Policing the power sector

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The Philippines has one of the most expensive electricity rates in the world. The government owes taxpayers safe, reliable and affordable electricity, but its attempt to lower prices by restructuring the power sector through the Electric Power Industry Reform Act (Epira) of 2001 has not been without obstacles.

Deregulation, competition and open access­—the promises of Epira—should have resulted in competitive, efficient and lower-priced energy delivery.

Epira started the deregulation of the power industry and the privatization of state-owned generation and transmission assets. The power plants and independent power-producer contracts under the National Power Corp. and the transmission assets under the National Transmission Corp. were transferred to the Power Sector Assets and Liabilities Management Corp. The Wholesale Electricity Spot Market (WESM) was also established to achieve greater transparency in the production and retail selling of electricity.

But 16 years after Epira was enacted, and today 90 percent of the country’s power supply is still sourced from bilateral contracts between generating companies (gencos) and distribution utilities (DUs), with only 10 percent of the supply coming from the WESM.

We still have a power sector where regulatory oversight is weak, and where generation charges and transmission costs are collected from us with minimum scrutiny or intervention. We are automatically slapped various charges and taxes in our electric bills, without us having any say about it. We practically guarantee the windfall profits of power generators and distributors, because we pay for all their expenses and losses.

The House of Representatives is currently investigating the alleged “midnight deals” between the Energy Regulatory Commission (ERC) and gencos affiliated with the Manila Electric Co. (Meralco), based on House Resolution 566, filed by Party-list Rep. Carlos Isagani T. Zarate of Bayan Muna.

Zarate said the resulting damage to consumers from these alleged midnight deals would easily translate to P12.44 billion a year.

In a joint hearing conducted by the House committees on Good Government, Public Accountability and Energy on March 13, congressmen assailed the ERC’s decision to postpone the competitive selection process (CSP) mandated by Department of Energy Circular DC 2015-06-008, from December 2015 to April 2016, which allegedly allowed Meralco to lock consumers into self-dealing contracts with its affiliated gencos for up to 25 years.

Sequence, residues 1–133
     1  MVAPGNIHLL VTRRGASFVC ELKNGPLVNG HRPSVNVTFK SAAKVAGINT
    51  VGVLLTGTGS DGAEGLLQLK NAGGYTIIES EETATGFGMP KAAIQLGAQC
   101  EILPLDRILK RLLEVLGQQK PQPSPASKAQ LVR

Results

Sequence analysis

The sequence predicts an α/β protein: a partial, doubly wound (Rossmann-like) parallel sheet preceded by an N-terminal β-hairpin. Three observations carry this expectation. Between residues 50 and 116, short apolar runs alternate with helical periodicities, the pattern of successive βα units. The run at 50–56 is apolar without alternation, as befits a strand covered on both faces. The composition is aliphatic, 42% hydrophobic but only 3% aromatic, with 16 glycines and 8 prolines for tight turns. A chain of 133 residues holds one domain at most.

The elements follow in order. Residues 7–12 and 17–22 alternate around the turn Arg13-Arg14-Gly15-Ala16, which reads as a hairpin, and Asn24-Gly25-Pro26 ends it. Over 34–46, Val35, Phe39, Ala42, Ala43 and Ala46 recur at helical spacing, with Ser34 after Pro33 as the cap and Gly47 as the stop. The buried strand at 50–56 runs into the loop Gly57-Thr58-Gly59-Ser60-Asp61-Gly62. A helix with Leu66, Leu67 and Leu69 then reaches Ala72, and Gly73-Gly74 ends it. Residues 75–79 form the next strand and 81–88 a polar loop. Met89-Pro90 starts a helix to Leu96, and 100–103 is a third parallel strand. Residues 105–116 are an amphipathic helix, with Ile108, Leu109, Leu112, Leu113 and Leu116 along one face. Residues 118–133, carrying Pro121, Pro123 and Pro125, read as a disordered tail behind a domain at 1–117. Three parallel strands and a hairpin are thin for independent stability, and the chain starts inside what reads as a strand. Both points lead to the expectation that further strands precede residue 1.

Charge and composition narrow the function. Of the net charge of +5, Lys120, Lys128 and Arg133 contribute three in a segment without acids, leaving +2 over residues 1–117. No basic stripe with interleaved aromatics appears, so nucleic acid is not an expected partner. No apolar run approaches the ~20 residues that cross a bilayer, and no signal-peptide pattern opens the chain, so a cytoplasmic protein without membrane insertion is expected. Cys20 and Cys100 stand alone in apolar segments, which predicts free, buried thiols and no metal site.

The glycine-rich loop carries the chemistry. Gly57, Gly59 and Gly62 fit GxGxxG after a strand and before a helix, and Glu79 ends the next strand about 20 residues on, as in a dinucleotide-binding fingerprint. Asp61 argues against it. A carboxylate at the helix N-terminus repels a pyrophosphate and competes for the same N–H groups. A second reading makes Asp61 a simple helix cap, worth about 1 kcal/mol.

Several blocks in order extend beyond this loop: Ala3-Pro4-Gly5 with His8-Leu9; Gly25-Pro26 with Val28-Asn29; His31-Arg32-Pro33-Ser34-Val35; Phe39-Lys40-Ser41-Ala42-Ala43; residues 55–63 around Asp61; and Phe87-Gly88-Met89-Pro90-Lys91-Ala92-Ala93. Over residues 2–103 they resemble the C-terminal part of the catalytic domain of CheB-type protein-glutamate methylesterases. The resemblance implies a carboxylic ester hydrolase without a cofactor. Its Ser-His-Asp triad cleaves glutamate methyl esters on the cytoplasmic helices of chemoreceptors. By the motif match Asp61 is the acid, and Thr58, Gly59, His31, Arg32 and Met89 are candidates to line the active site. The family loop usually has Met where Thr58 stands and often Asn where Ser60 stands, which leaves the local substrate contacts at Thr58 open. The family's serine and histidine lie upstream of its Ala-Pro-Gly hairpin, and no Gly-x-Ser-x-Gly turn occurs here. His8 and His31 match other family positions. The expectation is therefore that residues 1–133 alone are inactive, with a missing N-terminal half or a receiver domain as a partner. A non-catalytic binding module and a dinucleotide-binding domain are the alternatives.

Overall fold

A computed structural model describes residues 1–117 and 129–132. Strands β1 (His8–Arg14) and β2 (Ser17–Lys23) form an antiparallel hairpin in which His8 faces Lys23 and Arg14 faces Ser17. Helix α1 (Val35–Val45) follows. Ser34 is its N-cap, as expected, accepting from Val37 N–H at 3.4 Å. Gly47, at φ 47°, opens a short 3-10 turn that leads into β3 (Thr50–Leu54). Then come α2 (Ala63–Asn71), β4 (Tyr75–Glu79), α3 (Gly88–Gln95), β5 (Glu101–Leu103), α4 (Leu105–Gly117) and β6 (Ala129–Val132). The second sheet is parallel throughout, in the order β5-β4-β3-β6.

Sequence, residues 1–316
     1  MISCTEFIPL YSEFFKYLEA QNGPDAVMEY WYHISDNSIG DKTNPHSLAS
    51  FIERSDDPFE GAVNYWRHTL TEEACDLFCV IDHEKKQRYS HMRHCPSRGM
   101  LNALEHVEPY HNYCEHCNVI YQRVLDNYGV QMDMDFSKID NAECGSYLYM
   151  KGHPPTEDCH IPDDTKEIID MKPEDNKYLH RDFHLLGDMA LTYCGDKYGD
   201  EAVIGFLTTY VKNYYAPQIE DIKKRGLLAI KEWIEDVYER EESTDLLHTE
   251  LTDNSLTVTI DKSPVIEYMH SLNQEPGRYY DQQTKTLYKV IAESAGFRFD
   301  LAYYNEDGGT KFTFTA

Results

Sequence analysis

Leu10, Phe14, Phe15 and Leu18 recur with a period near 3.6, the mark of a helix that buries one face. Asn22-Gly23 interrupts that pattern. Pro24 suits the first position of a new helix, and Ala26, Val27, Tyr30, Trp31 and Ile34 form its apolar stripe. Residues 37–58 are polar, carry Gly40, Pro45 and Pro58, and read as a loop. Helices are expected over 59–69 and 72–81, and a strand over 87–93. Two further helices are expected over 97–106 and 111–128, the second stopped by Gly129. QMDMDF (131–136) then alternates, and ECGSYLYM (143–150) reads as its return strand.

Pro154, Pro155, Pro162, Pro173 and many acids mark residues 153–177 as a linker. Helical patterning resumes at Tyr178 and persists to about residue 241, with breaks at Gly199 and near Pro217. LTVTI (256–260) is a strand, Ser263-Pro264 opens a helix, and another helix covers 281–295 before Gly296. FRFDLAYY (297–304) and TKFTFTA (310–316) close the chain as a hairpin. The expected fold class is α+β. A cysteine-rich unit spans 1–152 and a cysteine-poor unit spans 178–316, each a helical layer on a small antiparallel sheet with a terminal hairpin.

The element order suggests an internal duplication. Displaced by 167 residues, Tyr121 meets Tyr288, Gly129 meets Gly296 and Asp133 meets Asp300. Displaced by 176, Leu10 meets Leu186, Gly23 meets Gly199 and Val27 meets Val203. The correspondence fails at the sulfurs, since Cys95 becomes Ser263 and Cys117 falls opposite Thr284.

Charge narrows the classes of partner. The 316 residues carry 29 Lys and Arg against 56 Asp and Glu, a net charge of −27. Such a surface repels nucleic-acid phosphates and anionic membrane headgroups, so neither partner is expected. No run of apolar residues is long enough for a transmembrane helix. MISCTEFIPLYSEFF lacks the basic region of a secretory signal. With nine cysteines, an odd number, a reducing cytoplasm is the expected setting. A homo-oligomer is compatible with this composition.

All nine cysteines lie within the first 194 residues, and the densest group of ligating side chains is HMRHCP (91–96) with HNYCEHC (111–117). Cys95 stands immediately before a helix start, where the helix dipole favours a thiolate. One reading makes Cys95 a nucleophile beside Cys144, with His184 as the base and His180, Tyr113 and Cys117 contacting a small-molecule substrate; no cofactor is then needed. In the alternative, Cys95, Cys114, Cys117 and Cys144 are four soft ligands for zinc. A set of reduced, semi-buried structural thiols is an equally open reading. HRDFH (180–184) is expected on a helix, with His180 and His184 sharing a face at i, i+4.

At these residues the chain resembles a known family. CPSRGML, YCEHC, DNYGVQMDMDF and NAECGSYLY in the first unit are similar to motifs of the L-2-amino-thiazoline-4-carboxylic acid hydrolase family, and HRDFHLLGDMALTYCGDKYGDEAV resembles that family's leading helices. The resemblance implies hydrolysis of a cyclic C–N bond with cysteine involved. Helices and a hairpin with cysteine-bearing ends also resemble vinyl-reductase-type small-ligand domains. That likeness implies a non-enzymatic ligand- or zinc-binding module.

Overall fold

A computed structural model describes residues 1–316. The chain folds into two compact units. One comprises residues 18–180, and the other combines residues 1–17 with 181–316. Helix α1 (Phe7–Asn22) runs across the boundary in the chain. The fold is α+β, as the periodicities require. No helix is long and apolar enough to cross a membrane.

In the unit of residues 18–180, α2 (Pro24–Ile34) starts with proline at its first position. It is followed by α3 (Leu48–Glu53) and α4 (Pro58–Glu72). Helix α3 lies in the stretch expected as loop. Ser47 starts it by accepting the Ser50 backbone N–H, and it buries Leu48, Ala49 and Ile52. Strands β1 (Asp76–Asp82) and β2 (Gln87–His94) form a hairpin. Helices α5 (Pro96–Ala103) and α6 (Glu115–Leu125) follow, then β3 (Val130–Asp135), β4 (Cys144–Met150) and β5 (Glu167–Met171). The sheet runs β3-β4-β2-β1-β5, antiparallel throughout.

Party-list Rep. Bernadette Herrera-Dy of Bagong Henerasyon said the CSP requirement was designed to lower power rates by subjecting power-supply agreements (PSAs) to competitive bidding. But during the ERC’s five-month postponement of the CSP, Meralco was able to corner 3,551 megawatts (MW) out of the 4,500 MW in aggregate power supply through just seven agreements it negotiated with its own companies and affiliates.

Third District of Cebu Rep. Gwendolyn F. Garcia, the Deputy House Speaker for the Visayas and a member of President Duterte’s PDP-Laban party, also alleged the Meralco contracts were “sweetheart” deals.

This is why the Epira should not have allowed cross-ownership between DUs and gencos, and also why the ERC’s honesty and integrity should be beyond reproach. Precisely, because it is so easy to make deals that result in disadvantageous power rates to the detriment of poor consumers.

While the country needs more power plants, contracts must be more transparent. In this country, as it so often happens, a big DU with a market monopoly can easily negotiate with a genco not only for the price of electricity, but also to demand equity or even controlling interest from it in exchange for a PSA. And unsuspecting consumers have no choice but to pay their prenegotiated prices.

What good is Epira if it cannot be properly implemented? What good is the ERC if it cannot stop the monopolistic schemes of power players and big business groups that lead to self-dealing contracts?

Duterte and Congress should make sure the ERC is capable of fully exercising its mandate as a regulatory body. In Sen. Ralph G. Recto’s words, the ERC needs to be the ombudsman and anticartel police of the power industry. That’s why we must ensure that ERC officials are independent, nonpoliticized, honest and competent.